BACKGROUND AND OBJECTIVE
Worldwide, roughly 40% of children are exposed to the damaging and sometimes deadly effects of tobacco smoke. Interventions aimed at reducing child tobacco smoke exposure (TSE) have shown mixed results. The objective of this study was to perform a systematic review and meta-analysis to quantify effects of interventions aimed at decreasing child TSE.
Data sources included Medline, PubMed, Web of Science, PsycNet, and Embase. Controlled trials that included parents of young children were selected. Two reviewers extracted TSE data, as assessed by parentally-reported exposure or protection (PREP) and biomarkers. Risk ratios and differences were calculated by using the DerSimonian and Laird random-effects model. Exploratory subgroup analyses were performed.
Thirty studies were included. Improvements were observed from baseline to follow-up for parentally-reported and biomarker data in most intervention and control groups. Interventions demonstrated evidence of small benefit to intervention participants at follow-up (PREP: 17 studies, n = 6820, relative risk 1.12, confidence interval [CI] 1.07 to 1.18], P < .0001). Seven percent more children were protected in intervention groups relative to control groups. Intervention parents smoked fewer cigarettes around children at follow-up than did control parents (P = .03). Biomarkers (13 studies, n = 2601) at follow-up suggested lower child exposure among intervention participants (RD -0.05, CI -0.13 to 0.03, P = .20).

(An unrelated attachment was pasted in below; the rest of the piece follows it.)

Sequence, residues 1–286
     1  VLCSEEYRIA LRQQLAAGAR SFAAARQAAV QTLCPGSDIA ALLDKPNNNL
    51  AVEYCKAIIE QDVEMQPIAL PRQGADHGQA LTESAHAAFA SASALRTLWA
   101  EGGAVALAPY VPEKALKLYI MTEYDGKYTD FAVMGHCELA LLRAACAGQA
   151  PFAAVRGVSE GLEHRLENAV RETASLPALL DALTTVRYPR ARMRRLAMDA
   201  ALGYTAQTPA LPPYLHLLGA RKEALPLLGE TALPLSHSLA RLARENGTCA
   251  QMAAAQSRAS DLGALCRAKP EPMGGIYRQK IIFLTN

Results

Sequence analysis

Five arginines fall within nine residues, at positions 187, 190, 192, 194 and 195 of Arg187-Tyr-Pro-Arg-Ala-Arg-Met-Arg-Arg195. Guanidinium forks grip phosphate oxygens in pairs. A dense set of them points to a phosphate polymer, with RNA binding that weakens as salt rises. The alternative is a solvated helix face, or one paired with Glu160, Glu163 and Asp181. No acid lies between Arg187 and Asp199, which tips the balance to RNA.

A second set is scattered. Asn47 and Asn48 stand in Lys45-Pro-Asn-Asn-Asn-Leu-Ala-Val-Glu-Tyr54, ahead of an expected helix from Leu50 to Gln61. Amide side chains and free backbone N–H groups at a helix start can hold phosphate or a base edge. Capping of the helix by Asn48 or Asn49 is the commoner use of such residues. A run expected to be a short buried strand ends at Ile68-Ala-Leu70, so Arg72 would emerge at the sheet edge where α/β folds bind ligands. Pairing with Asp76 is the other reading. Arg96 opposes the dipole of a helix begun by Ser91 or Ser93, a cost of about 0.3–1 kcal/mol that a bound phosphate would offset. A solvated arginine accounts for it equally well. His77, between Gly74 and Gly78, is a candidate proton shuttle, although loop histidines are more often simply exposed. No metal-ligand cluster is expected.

Interventions to prevent child TSE are moderately beneficial at the individual level. Widespread child TSE suggests potential for significant population impact. More research is needed to improve intervention effectiveness and child TSE measurement.
7 Figures and Tables
FIGURE 1 Flowchart for identification of studies.
TABLE 3 PREP, by Intervention Group and Time
FIGURE 3 Plots to assess presence of publication bias. A, PREP at study end. B, Change in PREP during study. C, Parentally reported number of cigarettes to which child was exposed, at study end. D, Biochemically assessed child exposure, at study end.
TABLE 4 Parental Report of Number of Cigarettes to Which Child was Exposed, by Intervention Group and Time
TABLE 5 Biomarkers of Child Exposure to Tobacco Smoke, by Intervention Group and Time
TABLE 6 Effects of Intervention Programs on PREP, by Subgroup
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